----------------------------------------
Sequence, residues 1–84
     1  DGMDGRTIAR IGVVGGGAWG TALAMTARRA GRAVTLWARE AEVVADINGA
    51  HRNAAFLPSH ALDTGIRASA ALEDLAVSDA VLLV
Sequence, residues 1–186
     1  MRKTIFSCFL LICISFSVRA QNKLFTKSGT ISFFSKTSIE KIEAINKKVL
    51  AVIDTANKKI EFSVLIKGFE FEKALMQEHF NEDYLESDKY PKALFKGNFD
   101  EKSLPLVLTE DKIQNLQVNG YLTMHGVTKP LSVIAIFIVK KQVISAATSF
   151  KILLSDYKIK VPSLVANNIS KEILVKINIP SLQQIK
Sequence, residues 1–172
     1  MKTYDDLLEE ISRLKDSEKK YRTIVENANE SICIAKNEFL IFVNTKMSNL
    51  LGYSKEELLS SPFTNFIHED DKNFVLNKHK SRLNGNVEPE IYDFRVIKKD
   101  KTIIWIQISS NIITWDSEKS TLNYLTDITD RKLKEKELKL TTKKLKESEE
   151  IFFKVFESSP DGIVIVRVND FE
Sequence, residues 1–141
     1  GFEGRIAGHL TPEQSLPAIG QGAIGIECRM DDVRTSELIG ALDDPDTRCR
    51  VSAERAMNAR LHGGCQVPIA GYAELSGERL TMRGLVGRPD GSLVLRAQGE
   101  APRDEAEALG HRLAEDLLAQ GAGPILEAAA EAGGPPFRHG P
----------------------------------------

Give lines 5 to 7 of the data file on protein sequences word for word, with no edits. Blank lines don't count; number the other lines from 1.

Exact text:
     1  MRKTIFSCFL LICISFSVRA QNKLFTKSGT ISFFSKTSIE KIEAINKKVL
    51  AVIDTANKKI EFSVLIKGFE FEKALMQEHF NEDYLESDKY PKALFKGNFD
   101  EKSLPLVLTE DKIQNLQVNG YLTMHGVTKP LSVIAIFIVK KQVISAATSF